US Embassy in hot water over press ban, employee's terror links
The US Embassy in Ankara has not responded concerning the disinvitation of a columnist working at a newspaper that reported on the indictment on an employee at the U.S. Consulate with links to terrorism suspects and Foreign Ministry's remarks that the suspect was not on the official staff list of the embassy
As the embassy of a country that advocates global press freedom and is a leading actor in counterterrorism, the U.S. Embassy in Ankara apparently failed at both in just a few days. After a harsh statement over the arrest of a U.S. Consulate employee for alleged links to a terrorist group, the U.S. Embassy now finds itself in hot water for disinviting Hilal Kaplan.
Kaplan is a columnist for Daily Sabah and its sister newspaper Sabah and says her invitation was rescinded from an event by U.S. Ambassador John Bass due to a Sabah report she did not write on the arrest of an employee of the U.S. Consulate in Istanbul. Moreover, the embassy has remained silent as questions pile up concerning the arrest.
It all started when M.T., a locally employed staff member, according to the U.S. Embassy, was arrested earlier this week for his alleged close contacts with dozens of former police chiefs and officers jailed for links to the Gülenist Terror Group (FETÖ). Ankara blames FETÖ for the July 15, 2016 coup attempt that killed 249 people. The U.S. Embassy in Ankara was quick to denounce the arrest on "anonymous, baseless allegations" in a statement on Thursday. A few hours later, the Foreign Ministry claimed that M.T. was not "on the list of personnel working at U.S. missions," raising suspicions for some that the man who told investigators he works for the Drug Enforcement Administration (DEA) might be a secret agent.
Sabah had a report on its front page on Friday about M.T.'s alleged FETÖ links. Kaplan received a phone call from the U.S. Embassy's spokesperson who told Kaplan that her invitation to a meeting with outgoing U.S. Ambassador John Bass had been pulled because of Sabah's story. Kaplan took the incident to social media and questioned how they disinvited her for a story she did not write. "From now on, they have no right whatsoever to blame President Recep Tayyip Erdoğan for providing accreditation to some journalists and some others not. I've never met Bass before, and I was going to go there because I had questions. In particular, I'd ask why FETÖ [suspects] who stopped MİT [National Intelligence Organization] trucks made phone calls to the consulate recurrently and why contact officer M.T., who has been a U.S. Consulate official since 1982, wasn't on the employee list. This happened to be a farewell perfectly fitting John Bass. I'm saying goodbye to the most unsuccessful U.S. ambassador in our history," Kaplan said in a statement on Twitter.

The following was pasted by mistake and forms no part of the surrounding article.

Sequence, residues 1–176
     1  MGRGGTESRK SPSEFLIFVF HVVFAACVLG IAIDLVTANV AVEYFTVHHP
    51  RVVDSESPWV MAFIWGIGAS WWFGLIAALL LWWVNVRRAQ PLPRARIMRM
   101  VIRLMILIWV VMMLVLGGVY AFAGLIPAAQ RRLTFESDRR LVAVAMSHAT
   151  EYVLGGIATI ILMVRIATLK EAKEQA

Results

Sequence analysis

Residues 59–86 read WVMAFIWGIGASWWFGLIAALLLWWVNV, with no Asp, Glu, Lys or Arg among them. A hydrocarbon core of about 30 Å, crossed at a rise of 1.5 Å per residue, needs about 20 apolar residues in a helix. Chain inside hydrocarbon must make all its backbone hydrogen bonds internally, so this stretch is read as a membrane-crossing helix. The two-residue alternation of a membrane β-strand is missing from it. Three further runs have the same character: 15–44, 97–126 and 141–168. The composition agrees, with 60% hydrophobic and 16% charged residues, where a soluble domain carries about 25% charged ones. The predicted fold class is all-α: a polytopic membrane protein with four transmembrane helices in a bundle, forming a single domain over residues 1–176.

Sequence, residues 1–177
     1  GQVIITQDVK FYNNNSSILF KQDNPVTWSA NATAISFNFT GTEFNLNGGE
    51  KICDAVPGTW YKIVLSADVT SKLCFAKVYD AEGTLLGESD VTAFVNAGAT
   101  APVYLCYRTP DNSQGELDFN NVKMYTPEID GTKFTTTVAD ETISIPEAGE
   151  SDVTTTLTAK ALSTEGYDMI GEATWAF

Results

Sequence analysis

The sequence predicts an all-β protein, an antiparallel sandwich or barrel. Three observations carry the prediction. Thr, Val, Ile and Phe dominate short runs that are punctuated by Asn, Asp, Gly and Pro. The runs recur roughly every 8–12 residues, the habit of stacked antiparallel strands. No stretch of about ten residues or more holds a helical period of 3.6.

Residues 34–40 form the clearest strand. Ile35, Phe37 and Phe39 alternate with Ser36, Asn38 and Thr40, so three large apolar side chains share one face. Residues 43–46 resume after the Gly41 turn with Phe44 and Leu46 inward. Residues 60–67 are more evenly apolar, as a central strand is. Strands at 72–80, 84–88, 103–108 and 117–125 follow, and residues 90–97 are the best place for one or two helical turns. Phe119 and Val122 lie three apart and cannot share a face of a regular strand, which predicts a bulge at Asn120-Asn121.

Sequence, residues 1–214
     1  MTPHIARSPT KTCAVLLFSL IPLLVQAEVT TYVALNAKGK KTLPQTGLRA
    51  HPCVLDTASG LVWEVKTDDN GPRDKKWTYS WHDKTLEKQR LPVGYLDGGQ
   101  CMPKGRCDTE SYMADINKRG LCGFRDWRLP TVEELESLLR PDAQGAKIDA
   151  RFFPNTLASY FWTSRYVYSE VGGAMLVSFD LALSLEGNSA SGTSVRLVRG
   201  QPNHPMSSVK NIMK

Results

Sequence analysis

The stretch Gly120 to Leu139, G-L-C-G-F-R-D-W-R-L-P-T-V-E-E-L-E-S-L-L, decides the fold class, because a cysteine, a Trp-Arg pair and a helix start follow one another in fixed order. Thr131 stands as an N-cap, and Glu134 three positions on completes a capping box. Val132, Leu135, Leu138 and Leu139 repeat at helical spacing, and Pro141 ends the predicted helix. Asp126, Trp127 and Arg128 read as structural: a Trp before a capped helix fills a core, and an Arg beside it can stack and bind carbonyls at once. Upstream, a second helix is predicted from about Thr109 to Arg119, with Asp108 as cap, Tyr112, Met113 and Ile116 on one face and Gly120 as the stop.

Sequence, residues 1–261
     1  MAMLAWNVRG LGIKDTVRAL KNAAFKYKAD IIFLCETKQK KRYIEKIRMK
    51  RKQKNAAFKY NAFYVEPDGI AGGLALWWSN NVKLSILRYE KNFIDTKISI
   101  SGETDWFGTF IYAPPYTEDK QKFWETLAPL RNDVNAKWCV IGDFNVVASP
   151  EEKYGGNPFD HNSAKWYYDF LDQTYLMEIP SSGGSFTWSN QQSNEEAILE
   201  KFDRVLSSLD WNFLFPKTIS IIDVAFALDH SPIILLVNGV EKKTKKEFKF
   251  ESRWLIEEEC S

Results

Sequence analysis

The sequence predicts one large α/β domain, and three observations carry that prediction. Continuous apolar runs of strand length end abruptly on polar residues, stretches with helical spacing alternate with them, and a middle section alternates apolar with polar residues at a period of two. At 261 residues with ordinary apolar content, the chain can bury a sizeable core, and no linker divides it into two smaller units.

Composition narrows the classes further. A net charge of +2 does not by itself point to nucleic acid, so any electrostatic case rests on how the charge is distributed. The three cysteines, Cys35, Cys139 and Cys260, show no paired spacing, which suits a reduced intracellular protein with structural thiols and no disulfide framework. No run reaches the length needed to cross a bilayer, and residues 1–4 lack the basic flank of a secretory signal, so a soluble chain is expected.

Speaking to Hürriyet daily, Bass said some journalists working for media outlets that publish "fictitious" stories were not invited to the event.
The fictitious story Bass refered to is taken from an official indictment against M.T. The U.S. Consulate employee is charged with espionage and violating constitutional order, a terrorism charge. "The suspect had phone contacts with 121 people investigated for links to FETÖ and contacted people using ByLock hundreds of times," one section of the indictment reported by Anadolu Agency (AA) claims, referring to the encrypted messaging app used by the terrorist group. "The suspect acted as a liaison between members of FETÖ and its leader, Fetullah Gülen, who lives in Pennsylvania," the indictment adds, claiming there is strong evidence requiring M.T.'s arrest.